Here's what was discussed in his KVUE Q&A.
Question: There seems to be a disagreement on the actual dollar amount of cuts. Many say you most definitely cut $150 million from the Austin Police Department. Councilmembers Greg Casar and Natasha Harper Madison did not take issue with the $150 million number. However, you disagree now with that number. Can you explain why?
Mayor Adler: We didn't get $150 million out of the police budget, but we did do real transformative change that ultimately will make the city safer. Think of it in three buckets. We took $20 million of unfilled positions of some piece of the overtime and then delayed three cadet classes in order to actually put more EMS people on the streets. So, police would take fewer calls putting in money to take people out of camps and into homes and so the police had to spend less time there. That kind of thing. That was $20 million. And then there are about $80 million of things that are for functions that won't end, but functions that we think should be independently run. The forensics lab, for example, that's been studied for several years, will continue. But over the course of the year, we want to transition it into to an independent civilian board under the government, working with the DA's office and in the county, several different functions like that that will continue like internal affairs, so that we don't have people checking on the same command structure reports on. But those are not being moved down. Those functions aren't going away, hopefully over the year. And then there are $50 million of things that we just want to take a look at to see whether or not they're a good idea to move like training. For example, police officers still need to be adjunct professors. But does the administration of that school need to be something that has sworn police officers in charge? The goal here is to get the police officers focusing on the things that we want them focusing on, like crime and taking away the responsibility to be are our mental health first responders or our social workers and getting those assignments to the people that should be doing those.
Question: You've talked about the need for better-trained officers, but the budget calls for cuts in staffing cadet classes and, as you mentioned, potential training overtime. Can you break it down for us and help us understand that decision?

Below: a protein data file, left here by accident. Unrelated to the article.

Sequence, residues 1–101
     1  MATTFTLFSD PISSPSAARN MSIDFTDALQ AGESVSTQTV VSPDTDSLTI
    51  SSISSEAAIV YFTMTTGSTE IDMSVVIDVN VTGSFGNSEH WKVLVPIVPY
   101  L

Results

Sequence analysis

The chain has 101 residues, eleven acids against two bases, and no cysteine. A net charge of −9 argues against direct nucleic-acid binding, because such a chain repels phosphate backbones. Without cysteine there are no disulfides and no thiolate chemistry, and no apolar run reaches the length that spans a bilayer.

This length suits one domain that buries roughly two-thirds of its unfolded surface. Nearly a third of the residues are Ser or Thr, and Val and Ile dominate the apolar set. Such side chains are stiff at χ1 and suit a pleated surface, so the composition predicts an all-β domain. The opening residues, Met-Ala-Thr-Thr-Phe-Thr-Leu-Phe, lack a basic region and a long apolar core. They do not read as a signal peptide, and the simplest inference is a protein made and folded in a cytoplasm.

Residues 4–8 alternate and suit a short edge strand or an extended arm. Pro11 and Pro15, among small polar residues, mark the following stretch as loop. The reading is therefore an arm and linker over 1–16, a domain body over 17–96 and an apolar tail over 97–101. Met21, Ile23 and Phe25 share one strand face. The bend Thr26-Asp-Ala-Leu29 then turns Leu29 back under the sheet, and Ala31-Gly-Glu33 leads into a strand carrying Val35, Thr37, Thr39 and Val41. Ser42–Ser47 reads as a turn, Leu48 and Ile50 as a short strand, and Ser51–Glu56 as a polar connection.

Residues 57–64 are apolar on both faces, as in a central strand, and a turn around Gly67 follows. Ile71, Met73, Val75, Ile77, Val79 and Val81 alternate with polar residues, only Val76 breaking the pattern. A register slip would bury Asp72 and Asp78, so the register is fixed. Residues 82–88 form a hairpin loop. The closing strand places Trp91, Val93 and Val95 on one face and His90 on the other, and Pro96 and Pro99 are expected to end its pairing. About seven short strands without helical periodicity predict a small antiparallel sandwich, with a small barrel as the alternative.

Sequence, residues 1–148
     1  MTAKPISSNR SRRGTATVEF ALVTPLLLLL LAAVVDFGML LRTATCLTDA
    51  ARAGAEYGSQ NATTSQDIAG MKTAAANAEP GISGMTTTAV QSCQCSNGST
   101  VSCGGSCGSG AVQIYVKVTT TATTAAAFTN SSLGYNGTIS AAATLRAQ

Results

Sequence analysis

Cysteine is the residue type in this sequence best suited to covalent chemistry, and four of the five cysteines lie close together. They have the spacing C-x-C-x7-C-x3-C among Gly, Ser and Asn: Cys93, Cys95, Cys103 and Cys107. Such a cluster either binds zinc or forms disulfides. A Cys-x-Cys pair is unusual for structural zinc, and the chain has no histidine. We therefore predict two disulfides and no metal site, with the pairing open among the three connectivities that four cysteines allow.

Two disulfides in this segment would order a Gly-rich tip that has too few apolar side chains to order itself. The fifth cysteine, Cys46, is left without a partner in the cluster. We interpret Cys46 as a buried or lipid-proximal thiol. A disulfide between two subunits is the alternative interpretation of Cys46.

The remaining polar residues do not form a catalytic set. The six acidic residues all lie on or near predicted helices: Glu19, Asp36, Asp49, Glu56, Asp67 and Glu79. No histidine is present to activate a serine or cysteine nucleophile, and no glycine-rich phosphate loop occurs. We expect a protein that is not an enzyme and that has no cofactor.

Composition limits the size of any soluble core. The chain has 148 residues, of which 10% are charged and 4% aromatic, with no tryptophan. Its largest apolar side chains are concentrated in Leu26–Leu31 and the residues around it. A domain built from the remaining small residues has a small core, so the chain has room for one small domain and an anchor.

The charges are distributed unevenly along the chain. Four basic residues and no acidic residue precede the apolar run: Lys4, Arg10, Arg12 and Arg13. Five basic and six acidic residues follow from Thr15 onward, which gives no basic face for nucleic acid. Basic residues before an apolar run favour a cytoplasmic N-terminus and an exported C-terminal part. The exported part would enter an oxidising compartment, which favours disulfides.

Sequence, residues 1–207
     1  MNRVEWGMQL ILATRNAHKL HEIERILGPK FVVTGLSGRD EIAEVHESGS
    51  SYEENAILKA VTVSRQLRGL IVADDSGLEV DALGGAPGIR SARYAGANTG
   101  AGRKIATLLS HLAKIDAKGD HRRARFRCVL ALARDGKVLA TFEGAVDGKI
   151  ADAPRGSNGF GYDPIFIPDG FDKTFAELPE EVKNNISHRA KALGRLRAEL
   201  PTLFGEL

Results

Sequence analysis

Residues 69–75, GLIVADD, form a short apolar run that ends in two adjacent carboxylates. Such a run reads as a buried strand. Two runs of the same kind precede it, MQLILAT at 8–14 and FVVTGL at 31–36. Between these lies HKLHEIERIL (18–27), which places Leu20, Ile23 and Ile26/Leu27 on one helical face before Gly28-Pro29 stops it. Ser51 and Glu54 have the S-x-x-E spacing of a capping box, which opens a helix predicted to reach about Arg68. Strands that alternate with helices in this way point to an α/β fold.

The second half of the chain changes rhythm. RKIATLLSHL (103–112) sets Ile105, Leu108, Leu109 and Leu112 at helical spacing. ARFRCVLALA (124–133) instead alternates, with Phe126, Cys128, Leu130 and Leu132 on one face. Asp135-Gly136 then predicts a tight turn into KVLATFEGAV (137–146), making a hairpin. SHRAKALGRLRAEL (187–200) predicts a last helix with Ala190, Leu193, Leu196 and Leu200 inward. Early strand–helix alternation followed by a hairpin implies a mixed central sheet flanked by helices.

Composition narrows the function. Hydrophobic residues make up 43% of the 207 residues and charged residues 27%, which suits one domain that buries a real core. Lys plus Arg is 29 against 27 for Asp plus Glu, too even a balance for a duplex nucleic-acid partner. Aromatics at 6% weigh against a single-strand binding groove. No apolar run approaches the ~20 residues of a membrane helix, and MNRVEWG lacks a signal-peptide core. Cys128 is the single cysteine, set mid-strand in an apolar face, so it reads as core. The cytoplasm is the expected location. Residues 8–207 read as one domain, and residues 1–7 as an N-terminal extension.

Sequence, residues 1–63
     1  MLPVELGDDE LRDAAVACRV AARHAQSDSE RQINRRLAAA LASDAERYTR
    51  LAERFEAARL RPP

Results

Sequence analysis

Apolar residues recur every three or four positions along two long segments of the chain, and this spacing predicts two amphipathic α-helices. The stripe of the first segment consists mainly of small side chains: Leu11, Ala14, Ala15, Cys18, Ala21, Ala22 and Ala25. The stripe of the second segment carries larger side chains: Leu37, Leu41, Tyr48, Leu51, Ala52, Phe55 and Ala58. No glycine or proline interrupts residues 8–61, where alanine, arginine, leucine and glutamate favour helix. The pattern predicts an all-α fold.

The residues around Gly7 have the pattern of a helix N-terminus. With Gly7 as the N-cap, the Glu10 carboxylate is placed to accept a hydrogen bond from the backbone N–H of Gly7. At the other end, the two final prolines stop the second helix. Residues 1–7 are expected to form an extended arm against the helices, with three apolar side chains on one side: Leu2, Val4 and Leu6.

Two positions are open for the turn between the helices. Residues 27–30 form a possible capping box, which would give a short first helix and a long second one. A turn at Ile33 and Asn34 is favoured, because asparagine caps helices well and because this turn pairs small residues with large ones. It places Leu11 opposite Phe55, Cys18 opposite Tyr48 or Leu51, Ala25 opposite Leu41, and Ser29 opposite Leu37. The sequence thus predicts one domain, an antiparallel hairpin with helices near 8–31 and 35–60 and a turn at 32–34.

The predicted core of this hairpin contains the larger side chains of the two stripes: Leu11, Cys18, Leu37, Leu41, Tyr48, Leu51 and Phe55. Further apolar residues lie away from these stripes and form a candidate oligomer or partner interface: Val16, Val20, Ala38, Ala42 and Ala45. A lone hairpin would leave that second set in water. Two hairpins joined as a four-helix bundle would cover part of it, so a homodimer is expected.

Adler: I think that we want to make sure that we have the right number of police officers to do the work that we want to define as the work the police officers do. Police officers should not be our mental health first responders. We should be taking some of the dollars and giving it to mental health professionals to be doing that work. Our police officers shouldn't be the ones that are measuring noise downtown for noise abatement issues. We can't have people doing that that are not sworn officers. We really want our sworn officers to be focusing on crime. And that's what this is about. It's talking about taking those functions and putting them in civilian control that civilians should be doing so as to lessen the workload for officers. As we go through that process, we'll learn a lot more about the appropriate number of officers for us to have in order to make sure that this city is safe and that they're safe too.
Question: A lot of people, to be honest, are not on board with these cuts. Gov. Greg Abbott responded to these cuts, saying in part, public safety "is job one and often has abandoned that duty." He also added that the Texas Department of Public Safety will fill in the gaps where needed. What would you like to say to the governor, especially considering his statement recently?